Former British soldier jailed for antisemitic speech where he incited supporters to 'free England from Jewish control'

Crown Prosecution Service initially decided against charging Jeremy Bedford-Turner but reversed decision following judicial review 

Lizzie Dearden
Home Affairs Correspondent
Tuesday 15 May 2018 16:31 BST
Jeremy Bedford-Turner, 48, at Southwark Crown Court, where he was jailed for inciting racial hatred with a speech in 2015
Jeremy Bedford-Turner, 48, at Southwark Crown Court, where he was jailed for inciting racial hatred with a speech in 2015

A former soldier has been jailed for a speech where he incited people to “free England from Jewish control”.

The Crown Prosecution Service (CPS) initially decided against bringing charges against Jeremy Bedford-Turner, but reversed the decision after a judicial review was launched by the Campaign Against Antisemitism (CAA).

The 48-year-old, who is well-known for his involvement in extreme right-wing groups, gave the speech in central London in July 2015.

At the end of a protest which claimed to be against the Shomrim Jewish civilian patrol group, his rambling 15-minute tirade included a string of conspiracy theories about Jewish people.

“This is England, this is our land… We want our country back and we are going to take it back,” Bedford-Turner said, before calling on a small group of supporters to “free England from Jewish control”.

He added: “Listen soldiers, it’s time we liberated our own country.”

Most of his supporters were outflanked by counter-protesters, but he reached a wider audience after a video of his speech was uploaded to YouTube.

Jeremy Bedford-Turner, 48, was jailed for inciting racial hatred with a speech in 2015

Bedford-Turner, of Lincoln was jailed for a year at Southwark Crown Court after a jury convicted him of stirring up racial hatred.

He bowed and saluted about 35 supporters including musician Alison Chabloz, who is also on trial, accused of writing and performing antisemitic songs.

Bedford-Turner, who served for 12 years in the Army, was given a standing ovation as he was led to the cells.

Under cross-examination during his two-day trial, he had admitted wanting all Jews including children to leave the UK.

Prosecutor Louis Mably QC said the defendant was “absolutely obsessed” with Jewish people and that he “despised” them.

Judge David Tomlinson described Bedford-Turner's speech as “sinister” and “poisonous”, adding that he did intend to stir up racial hatred through his “comprehensive characterisation in a derogatory way of an entire race”.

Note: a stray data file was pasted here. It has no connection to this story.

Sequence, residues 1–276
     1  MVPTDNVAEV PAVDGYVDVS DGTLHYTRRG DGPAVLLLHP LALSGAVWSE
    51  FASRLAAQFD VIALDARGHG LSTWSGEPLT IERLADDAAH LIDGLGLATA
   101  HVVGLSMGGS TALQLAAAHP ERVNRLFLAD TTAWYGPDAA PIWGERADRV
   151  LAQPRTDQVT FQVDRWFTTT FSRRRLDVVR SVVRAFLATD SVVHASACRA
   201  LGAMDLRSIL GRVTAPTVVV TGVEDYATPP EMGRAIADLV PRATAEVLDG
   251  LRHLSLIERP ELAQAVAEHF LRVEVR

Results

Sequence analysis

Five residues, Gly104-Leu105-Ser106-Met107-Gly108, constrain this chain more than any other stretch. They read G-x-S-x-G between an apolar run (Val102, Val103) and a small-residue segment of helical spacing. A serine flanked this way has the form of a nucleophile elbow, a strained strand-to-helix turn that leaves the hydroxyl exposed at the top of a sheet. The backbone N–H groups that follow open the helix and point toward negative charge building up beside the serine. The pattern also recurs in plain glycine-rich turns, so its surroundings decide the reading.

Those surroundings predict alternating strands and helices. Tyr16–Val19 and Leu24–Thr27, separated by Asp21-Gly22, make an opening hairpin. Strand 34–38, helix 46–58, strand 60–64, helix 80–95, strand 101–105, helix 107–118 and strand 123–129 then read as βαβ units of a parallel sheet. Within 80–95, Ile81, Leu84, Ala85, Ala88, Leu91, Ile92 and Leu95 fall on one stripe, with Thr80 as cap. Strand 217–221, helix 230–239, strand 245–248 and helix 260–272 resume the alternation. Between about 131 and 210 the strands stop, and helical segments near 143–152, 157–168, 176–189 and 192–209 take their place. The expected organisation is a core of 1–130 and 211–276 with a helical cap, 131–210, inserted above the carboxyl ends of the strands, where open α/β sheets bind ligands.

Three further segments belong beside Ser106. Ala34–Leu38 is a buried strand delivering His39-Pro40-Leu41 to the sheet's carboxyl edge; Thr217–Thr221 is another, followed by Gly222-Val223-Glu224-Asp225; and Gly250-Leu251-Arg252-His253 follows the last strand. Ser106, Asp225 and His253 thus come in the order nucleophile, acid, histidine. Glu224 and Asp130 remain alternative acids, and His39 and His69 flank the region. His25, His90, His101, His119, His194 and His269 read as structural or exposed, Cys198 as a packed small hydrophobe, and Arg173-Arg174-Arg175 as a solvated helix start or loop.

The Campaign Against Antisemitism said verdict was a “damning indictment” of the CPS and its outgoing head Alison Saunders.

“The real question is why the Director of Public Prosecutions and CPS got this so dismally wrong,” said its chairman Gideon Falter.

“CAA had to battle the CPS in court since 2015 to force them to prosecute this case, but a speech that took us and a jury moments to understand as a clear-cut case of incitement was repeatedly and wrongly dismissed by the CPS as not only not an offence of incitement, but not even a lesser offence.

“This was always a matter of basic law and common sense.”

Mr Falter said that British Jews were losing faith in the authorities to prosecute antisemitic hate crimes amid rising reports to police.

A CPS spokesman rejected the claims, and said the DPP had made tackling hate crime a “priority”, pointing out that it prosecuted more than 12,000 offences that were racially or religiously-aggravated last year, with a conviction rate of 84 per cent.

“It is categorically untrue to claim the CPS does not take prosecuting anti-Semitic crime seriously,” he added.

After campaigners reported Bedford-Turner’s speech to the Metropolitan Police, they said he was interviewed by lawyers but senior CPS lawyers decided not to take the case forward because they believed there was no realistic prospect of conviction for racial or religious hatred.

The CAA issued judicial review proceedings at the High Court and on the eve of a hearing in March last year, the CPS agreed to quash the original decision and put a more senior lawyer on the case.

Bedford-Turner gloated about not being sent to prison and remaining “just within the law” at a London Forum event in January 2016.

But in February last year, he chaired another meeting of the group that was infiltrated by an undercover Independent reporter.

It saw Holocaust denier David Irving speak alongside other antisemitic conspiracy theorists who claimed Auschwitz was “like Disneyland” and that the Holocaust was “gossip”, “propaganda” and a “rumour“.

United Against Fascism said Bedford-Turner claims to have previously been involved with the National Front and the British National Party, and been thrown out of the Army after officers discovered he was a fascist.

Additional reporting by PA

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